Dwayne McDuffie And Milestone Media’s Impact On The Superhero Genre
The comic book business has changed drastically over the last few decades, especially on the creative side. There is more representation in the panels and, subsequently, on the small and silver screens than there ever have been more. On the other side of that same token, the faces of the people who write, draw, and color these characters to life every month are also changing. Although it’s taken much longer than it should’ve, and there are still miles yet to come in terms of black, brown, asian, and women creators of all different kinds of sexual identities being given their just due in the industry.
In every story of change, there are trailblazers who, along the way, open doors, change precedent, and leave them cracked for the next person to come through. Milestone Media was without a doubt, one of the most significant groups of those trailblazers in the comic book and animation mediums. Founded by Dwayne McDuffie, Denys Cowan, Derek Dingle, and Michael Davis in 1993, Milestone made history, in a deal with DC Comics that was unheard of, especially for black companies.
McDuffie and crew signed a publishing deal that gave DC the right to limited license of the characters, editorial works, and other creative content that came out of Milestone. But the company retained complete editorial control as well as the copyrights. Milestone had the last say on all merchandising and licensing in regards to the properties they created. It’s been noted that DC Comics officials were often uncomfortable with Milestone’s storyline arcs in their books, but because of the deal they signed, and the accomplishments of the company’s founders in the comic book mainstream, almost all of the issues they wrote saw the light of day, and sold just many books, or more, than every black comic company releasing content at the time, combined.
But McDuffie and his partner’s journey doesn’t start at Milestone Comics. His very first gig in the business was as an assistant editor at Marvel Comics, under Bob Budiansky for special projects. And one of the projects that began his comic book career was helping the company develop the first superhero trading cards. From there McDuffie went on to become an editor at Marvel in his own right, but he and his employer didn’t always see eye to eye – and he had a very unique way of making his disagreement with them known. To bring light internally to his feelings about Marvel’s treatment of black characters at that time, McDuffie submitted a spoof proposal comic, named Teenage Negro Ninja Thrashers.
After leaving Marvel to freelance for a few years at places like DC and Archie Comics, Milestone would be born. The company’s focus on creating characters of color that were accurately represented from a cultural perspective was definitely not a main focus for many other mainstream publishers at the time. And from the creative collective of founders came titles that are still cemented in the zeitgeist of comic book history like a young Virgil Hawkins in Static, and the African American answer to Superman, Icon. For the very first time there was an abundance of issues on the shelves of comic book shops all across America featuring black characters, thanks to distribution from DC Comics.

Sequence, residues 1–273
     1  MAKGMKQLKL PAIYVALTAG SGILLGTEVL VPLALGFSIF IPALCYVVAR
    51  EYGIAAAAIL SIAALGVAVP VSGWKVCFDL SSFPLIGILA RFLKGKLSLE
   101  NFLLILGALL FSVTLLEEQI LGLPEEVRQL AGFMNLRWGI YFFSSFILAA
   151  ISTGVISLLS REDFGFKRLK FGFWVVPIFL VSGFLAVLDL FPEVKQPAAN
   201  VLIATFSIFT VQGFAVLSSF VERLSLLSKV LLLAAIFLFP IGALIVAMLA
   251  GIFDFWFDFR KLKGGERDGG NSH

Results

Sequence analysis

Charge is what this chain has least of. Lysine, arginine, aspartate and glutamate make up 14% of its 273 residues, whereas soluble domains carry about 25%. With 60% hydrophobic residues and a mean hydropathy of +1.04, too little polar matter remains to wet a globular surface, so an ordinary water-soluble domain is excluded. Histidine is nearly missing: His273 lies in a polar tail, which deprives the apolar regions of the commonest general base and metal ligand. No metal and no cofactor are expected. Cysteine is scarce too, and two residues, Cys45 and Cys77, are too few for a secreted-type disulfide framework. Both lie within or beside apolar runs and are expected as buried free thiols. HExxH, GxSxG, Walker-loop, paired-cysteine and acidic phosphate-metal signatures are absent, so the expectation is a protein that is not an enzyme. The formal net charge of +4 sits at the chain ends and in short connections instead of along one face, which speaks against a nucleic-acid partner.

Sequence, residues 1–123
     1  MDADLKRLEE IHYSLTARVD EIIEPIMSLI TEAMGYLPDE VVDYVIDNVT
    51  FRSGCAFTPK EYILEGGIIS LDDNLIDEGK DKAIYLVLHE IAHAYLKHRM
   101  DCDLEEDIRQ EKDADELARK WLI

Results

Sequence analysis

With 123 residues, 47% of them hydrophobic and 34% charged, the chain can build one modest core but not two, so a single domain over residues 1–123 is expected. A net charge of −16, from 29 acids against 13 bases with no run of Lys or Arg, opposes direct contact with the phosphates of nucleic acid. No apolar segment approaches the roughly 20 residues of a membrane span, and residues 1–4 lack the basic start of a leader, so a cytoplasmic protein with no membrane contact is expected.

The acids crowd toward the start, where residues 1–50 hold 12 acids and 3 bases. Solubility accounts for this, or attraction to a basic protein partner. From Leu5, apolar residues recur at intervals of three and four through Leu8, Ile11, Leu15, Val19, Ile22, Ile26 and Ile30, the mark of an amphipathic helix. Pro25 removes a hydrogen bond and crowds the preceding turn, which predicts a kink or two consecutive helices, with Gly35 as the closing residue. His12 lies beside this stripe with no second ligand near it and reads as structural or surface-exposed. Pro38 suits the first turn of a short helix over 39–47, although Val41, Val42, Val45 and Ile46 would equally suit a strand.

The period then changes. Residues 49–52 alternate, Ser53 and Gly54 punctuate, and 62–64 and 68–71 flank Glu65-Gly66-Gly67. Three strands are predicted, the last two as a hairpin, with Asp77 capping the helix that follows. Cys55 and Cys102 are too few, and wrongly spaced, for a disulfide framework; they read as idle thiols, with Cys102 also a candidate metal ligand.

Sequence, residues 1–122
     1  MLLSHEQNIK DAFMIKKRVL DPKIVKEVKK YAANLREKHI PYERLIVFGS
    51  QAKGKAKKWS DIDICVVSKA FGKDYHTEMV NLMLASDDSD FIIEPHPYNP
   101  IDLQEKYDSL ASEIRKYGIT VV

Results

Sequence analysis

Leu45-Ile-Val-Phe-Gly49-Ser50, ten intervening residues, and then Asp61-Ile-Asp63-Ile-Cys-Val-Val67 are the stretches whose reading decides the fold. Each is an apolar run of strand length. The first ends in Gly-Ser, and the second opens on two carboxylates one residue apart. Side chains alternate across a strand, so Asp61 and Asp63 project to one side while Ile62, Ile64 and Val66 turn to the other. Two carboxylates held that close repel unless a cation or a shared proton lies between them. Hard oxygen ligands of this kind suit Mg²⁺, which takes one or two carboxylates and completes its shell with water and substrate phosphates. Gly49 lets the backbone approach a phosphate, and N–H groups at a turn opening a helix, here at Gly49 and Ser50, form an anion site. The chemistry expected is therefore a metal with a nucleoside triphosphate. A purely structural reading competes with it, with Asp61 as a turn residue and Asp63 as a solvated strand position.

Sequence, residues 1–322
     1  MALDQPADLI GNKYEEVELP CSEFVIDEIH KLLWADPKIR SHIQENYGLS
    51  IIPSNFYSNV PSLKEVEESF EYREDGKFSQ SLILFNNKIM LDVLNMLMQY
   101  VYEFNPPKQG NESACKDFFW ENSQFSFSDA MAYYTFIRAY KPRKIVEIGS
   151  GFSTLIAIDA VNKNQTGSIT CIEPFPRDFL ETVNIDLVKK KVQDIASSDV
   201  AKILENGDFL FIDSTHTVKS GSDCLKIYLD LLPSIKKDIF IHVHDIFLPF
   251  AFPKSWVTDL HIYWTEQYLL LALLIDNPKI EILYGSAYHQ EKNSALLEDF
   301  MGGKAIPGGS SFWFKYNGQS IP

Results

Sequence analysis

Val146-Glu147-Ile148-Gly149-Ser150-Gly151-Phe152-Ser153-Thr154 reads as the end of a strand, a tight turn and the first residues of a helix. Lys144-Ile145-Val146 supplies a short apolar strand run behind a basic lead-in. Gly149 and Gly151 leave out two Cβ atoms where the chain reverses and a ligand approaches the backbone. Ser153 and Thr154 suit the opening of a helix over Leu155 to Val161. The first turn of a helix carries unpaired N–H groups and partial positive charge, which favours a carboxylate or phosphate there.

There were other black companies at the time Milestone was in its heyday, but because of the lack of funding many of them couldn’t move past getting their local mom and pop shops. And the concept of e-commerce wasn’t big enough yet to be of use. Books like these would go on to shape young comic book readers of color in a way that was transformative. It’s safe to say that without mainstream access to Milestone Comics there could easily still be, even more of, a living perception that black creators have no place in big industry comic books to tell our stories.
Although the most active years of Milestone Media were short lived, the company closed its comic book division in 1997, its impact was indelible. Many creators and readers of color site one, or more, of the company’s comic book properties as an inspiration, in one way or another. McDuffie would go on to develop Static into the critically acclaimed animated series Static Shock. And that character, as well as Icon, would become widely accepted as an integral part of canon within the DC Comics Justice League universe. He also made huge contributions to other wildly successful animated childhood staples like Teen Titans, What’s New Scooby-Doo?, Justice League, and Ben 10.
The legend, Dwayne McDuffie passed away back in 2011, on February 21st, one day after his 49th birthday, due to complications from emergency heart surgery. And he left us a legacy of imagination that helped birth an awareness, in the industry he loved most that still informs creators all over the world today.